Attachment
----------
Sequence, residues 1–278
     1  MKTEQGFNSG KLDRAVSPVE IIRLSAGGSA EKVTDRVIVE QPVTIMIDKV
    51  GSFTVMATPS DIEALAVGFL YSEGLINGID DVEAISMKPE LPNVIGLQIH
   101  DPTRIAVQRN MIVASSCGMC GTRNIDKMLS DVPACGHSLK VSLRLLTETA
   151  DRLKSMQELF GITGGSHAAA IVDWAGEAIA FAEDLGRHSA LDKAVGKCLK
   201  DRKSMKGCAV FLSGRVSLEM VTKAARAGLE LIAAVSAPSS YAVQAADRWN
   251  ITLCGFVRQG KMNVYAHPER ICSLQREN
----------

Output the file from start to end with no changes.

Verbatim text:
Sequence, residues 1–278
     1  MKTEQGFNSG KLDRAVSPVE IIRLSAGGSA EKVTDRVIVE QPVTIMIDKV
    51  GSFTVMATPS DIEALAVGFL YSEGLINGID DVEAISMKPE LPNVIGLQIH
   101  DPTRIAVQRN MIVASSCGMC GTRNIDKMLS DVPACGHSLK VSLRLLTETA
   151  DRLKSMQELF GITGGSHAAA IVDWAGEAIA FAEDLGRHSA LDKAVGKCLK
   201  DRKSMKGCAV FLSGRVSLEM VTKAARAGLE LIAAVSAPSS YAVQAADRWN
   251  ITLCGFVRQG KMNVYAHPER ICSLQREN